Depending on the quarry you seek or the personality of bird that suits you, there are other choices for falconry. The merlin is one of my alternate favorites.

If a gyr falcon is like a Ferrari and a peregrine is like a Porsche, the merlin would be well represented by an Austin Healey or MG -- Small, fast, maneuverable, easy. Available at just $600 and weighing about 220 grams, it can hunt starlings and other pest birds dramatically. Hybridized with a peregrine and weighing around 400 grams, it can be perfect where states permit dove hunting.

One bird that has captivated my imagination is the goshawk, which can sell from $1,500 to $2,000. What warrants that high price is their excellence in being hunted from the fist, usually behind a pointing dog. Notoriously ill-tempered and highly strung, they can be challenging even for their handlers to deal with. They're temperamentally opposite peregrines, merlins, kestrels, and red-tails that seem affectionate in comparison. And goshawks are fragile, susceptible to aspergilus, a dangerous lung disease.

Another raptor that can be hunted from the fist -- one mostly wild-trapped -- is the Cooper's hawk. They live only about eight years, compared to 20 for gyrs and peregrines, but they're perfect for quail hunting.

One liability of Cooper's hawks is the difficulty with their weight management. They have a very high metabolism, and require being kept strictly within a 3-gram weight variation. Birds in falconry have to be fed enough to remain healthy, but hungry enough to be lured back to the handler for a meal while freedom is in their grasp. If Cooper's hawks are underfed, they can easily get sick. If they're overfed, they can fly away for good.

Sharp-shinned hawks -- the killers of many songbirds at our feeders -- are another bird that can dramatically be flown from the fist. They have a quick, dynamic flight. But weighing only 200 grams, they can die in the cold if they run out of food. They're excellent for hunting pestiferous starlings and house sparrows, but they can't differentiate between them and songbirds, which are illegal to hunt.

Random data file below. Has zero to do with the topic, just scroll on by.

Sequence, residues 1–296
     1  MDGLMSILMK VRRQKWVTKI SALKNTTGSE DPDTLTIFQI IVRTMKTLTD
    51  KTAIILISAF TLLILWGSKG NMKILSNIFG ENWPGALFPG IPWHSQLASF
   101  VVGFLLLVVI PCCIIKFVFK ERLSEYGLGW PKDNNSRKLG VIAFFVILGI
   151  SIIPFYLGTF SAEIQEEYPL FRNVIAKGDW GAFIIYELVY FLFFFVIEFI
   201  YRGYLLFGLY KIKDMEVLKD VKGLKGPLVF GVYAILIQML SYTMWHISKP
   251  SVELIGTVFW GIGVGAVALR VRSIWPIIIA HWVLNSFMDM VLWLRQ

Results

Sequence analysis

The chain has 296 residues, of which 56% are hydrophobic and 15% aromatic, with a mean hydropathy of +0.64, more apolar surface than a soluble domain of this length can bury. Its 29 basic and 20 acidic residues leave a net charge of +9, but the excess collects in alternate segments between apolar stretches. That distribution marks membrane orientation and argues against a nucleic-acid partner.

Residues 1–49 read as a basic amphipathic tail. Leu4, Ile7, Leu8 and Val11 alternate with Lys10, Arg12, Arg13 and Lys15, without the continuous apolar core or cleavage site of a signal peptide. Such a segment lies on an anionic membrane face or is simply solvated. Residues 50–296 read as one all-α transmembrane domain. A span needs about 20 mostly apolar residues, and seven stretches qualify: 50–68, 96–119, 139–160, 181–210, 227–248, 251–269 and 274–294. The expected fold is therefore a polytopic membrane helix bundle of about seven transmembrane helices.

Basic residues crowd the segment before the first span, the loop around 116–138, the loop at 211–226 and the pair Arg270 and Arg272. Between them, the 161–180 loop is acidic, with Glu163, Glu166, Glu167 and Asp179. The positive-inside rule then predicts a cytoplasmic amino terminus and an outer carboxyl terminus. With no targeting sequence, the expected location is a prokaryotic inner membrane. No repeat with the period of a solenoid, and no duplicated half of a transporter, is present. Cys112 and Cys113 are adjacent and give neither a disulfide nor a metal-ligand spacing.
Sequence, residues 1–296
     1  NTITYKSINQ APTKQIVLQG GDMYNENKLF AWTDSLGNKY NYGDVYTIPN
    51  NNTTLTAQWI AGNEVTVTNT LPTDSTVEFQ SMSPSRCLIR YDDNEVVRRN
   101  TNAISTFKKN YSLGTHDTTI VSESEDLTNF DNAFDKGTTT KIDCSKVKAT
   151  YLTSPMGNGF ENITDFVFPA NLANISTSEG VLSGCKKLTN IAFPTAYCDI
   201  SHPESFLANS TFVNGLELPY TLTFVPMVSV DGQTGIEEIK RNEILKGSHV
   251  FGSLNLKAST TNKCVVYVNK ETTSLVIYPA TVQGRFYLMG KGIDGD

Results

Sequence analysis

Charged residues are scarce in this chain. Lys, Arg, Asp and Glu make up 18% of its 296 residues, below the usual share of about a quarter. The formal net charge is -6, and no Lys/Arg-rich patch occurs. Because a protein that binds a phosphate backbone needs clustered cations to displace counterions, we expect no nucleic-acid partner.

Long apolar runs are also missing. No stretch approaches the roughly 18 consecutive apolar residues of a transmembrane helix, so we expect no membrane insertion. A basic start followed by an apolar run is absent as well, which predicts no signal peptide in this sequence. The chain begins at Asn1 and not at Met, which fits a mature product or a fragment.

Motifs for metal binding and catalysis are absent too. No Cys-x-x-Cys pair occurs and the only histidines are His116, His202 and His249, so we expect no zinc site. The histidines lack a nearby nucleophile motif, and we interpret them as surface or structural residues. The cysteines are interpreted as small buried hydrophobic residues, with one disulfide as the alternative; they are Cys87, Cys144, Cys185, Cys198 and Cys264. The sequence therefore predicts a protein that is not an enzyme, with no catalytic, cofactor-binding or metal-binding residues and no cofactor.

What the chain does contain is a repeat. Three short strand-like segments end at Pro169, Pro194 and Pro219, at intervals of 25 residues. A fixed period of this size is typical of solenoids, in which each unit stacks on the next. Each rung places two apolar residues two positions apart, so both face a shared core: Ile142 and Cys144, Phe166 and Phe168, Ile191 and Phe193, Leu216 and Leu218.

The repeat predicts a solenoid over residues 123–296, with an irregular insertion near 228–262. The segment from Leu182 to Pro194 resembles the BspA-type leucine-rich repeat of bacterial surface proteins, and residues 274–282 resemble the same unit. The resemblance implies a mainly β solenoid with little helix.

When a bird is taken from a raptor, one must swap its prey immediately with meat. If you were to just take it away, the sharpy would think you're stealing it and get in the habit of mantling the kill (covering it with its wings) and screaming intolerably at your approach.

But if all these birds are tempting, know that novices need to start with either a red-tailed hawk or kestrel, the easiest birds to acquire and master.

The affectionate red-tail is much beloved by many, and is by far the most popular bird in Massachusetts falconry. They're relatively easy to train, can be flown from the fist, or soar. The red-tail can catch the wind on the slope of a hill and hunt almost like a falcon. It makes a great partner, is common, and readily available to capture in the wild. It excels at hunting for locally common ground game like rabbits.

Kestrels aren't very popular in local falconry. They're mostly known as grasshopper eaters, but they can be flown like little rockets to pursue invasive and troublesome house sparrows year-round. That drama may be miniaturized, but it's exciting, quick, and dramatic. Kestrels are pretty, too, especially the bluish males. They're smart, forgiving, and affectionate. Not captive-bred, they require capturing out of the wild.

Contact Mark Blazis

at markblazis@charter.net
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Title Annotation:Sports
Publication:Telegram & Gazette (Worcester, MA)
Geographic Code:1U1MA
Date:Oct 3, 2014
Words:1230